Grubišić’s translation seeks to bridge the mentioned compromises or “balancing acts.” In that regard, we could say that the translation is successful in many elements. His lexicon, language, and style are, in many aspects, closer to the reader than most “predictable” translations and translational solutions.

For a better and more precise insight into all the distinctive features and values of Grubišić’s translations, let us consider several texts that showcase his translational solutions and skills. In his translation of the Psalms, we find many poignant examples of such solutions. Furthermore, much of his translational lexicon and vocabulary rigorously relies on the original Hebrew text, as we shall try to show in some of his translational solutions.

2.1. My Liver Jumps (Ps 16)

In the source text, the psalmist’s abdominal organs, primarily kidneys, and liver participate in his joy (16:7, 9).10 For reasons of style and comprehension, most translators here, as in some other places, instead of kidneys, as it is said in the original, translate this word as the heart. Šarić here states: “I always have the Lord before me. He is at my right hand, and that is why I never stumble. My heart rejoices, and my spirit ( liver) is glad, and my body rests in safety” (16:8-9). Consistent with the original and his translational uniformity, without stylistic subtlety, Grubišić translates these lines as follows: “I constantly hold the Lord before me, and from his right hand, I will certainly not depart. Therefore my heart rejoices, my liver jumps for joy, my body rests comfortably” (16:8-9).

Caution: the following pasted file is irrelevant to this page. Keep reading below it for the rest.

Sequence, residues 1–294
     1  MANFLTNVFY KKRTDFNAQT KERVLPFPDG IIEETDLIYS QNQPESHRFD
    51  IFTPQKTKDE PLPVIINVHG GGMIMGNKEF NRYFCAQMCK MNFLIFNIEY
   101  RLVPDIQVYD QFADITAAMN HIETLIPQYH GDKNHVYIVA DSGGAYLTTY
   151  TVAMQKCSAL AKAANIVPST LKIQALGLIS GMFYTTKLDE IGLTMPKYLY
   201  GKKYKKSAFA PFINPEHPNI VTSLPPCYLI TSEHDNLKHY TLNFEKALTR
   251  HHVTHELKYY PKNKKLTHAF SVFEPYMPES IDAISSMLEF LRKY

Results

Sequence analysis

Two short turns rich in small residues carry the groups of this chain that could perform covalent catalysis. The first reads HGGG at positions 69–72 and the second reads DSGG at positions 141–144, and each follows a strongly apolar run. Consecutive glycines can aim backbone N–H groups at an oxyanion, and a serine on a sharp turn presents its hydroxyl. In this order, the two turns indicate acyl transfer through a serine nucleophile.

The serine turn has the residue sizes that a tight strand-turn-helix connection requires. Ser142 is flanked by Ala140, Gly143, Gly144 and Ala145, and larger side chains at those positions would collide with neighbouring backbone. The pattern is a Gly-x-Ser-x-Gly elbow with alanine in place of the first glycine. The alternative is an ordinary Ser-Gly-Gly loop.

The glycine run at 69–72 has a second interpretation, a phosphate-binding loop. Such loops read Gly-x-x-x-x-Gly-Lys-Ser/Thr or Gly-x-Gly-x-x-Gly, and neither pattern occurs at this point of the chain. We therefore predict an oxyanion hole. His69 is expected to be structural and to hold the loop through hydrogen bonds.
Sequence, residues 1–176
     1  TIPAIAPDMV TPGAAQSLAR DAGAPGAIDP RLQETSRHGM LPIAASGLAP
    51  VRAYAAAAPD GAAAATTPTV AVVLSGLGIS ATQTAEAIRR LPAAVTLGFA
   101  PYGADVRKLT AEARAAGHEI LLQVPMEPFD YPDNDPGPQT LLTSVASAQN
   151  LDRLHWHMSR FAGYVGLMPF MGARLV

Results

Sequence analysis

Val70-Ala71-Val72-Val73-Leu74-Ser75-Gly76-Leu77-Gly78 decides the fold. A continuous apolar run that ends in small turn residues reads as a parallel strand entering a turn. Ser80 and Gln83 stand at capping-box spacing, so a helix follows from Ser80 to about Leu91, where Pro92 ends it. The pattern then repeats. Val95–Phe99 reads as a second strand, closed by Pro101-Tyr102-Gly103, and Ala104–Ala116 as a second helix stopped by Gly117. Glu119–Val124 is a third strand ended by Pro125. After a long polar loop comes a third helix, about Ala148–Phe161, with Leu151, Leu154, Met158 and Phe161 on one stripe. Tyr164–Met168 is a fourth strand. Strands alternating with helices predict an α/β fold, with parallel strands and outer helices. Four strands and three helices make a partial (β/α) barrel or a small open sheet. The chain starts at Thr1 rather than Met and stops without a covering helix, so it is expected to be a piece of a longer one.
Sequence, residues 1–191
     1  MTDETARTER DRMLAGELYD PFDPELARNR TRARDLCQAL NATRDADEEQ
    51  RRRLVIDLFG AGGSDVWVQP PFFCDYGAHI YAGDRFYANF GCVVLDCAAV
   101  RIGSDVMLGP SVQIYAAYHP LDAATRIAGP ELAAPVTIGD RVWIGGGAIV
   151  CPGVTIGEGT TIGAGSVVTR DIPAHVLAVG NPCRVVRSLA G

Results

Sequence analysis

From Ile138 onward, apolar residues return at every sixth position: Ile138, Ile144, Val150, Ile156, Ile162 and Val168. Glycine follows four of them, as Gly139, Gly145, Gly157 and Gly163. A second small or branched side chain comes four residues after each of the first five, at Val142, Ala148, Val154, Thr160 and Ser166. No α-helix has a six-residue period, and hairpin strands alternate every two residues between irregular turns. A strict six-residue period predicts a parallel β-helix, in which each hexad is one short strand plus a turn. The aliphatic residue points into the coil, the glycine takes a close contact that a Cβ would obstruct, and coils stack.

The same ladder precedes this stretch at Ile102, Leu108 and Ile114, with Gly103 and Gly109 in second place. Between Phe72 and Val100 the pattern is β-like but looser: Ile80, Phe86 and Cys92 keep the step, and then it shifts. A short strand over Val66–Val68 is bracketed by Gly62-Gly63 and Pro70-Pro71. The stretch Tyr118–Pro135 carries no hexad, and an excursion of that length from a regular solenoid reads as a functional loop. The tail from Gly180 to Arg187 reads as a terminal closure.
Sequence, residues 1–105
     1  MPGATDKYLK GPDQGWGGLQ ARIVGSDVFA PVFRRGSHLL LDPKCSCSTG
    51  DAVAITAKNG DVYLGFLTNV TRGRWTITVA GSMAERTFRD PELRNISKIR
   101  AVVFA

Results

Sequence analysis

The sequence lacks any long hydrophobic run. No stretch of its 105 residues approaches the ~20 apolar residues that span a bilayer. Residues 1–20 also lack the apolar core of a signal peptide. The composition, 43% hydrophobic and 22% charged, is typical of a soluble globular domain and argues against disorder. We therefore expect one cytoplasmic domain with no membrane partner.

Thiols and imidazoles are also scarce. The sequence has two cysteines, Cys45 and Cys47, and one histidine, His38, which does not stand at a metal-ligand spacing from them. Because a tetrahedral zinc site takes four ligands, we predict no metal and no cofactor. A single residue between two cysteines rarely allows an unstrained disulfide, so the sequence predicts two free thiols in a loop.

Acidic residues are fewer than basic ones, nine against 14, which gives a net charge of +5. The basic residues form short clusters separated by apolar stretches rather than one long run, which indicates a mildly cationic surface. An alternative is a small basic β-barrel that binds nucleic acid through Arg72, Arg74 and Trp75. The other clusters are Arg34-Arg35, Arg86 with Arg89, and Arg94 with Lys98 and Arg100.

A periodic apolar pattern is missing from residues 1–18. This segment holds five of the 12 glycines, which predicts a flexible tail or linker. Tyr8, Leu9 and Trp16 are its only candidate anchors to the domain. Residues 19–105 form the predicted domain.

Kidney or liver could, and should, be translated as conscience. Such is Alter’s translation (2007, 46), “I shall bless the Lord Who gave me counsel through the nights that my conscience would lash me.” In the original biblical text, the kidney (kidneys) represent a paradigm and metaphor for the center of man’s conscience. This is well illustrated in a text from the prophet Jeremiah where the people are described as those who are doing well (have taken root, bear fruit) but care little for their God. The translations of Kršćanska sadašnjost and Ivan Evanđelist Šarić here state, “You have planted them, and they have taken root; they grow and bear fruit. But you are only close to their lips, but far from their hearts” (רחוק מכליותיהם) (Jer 12:2).11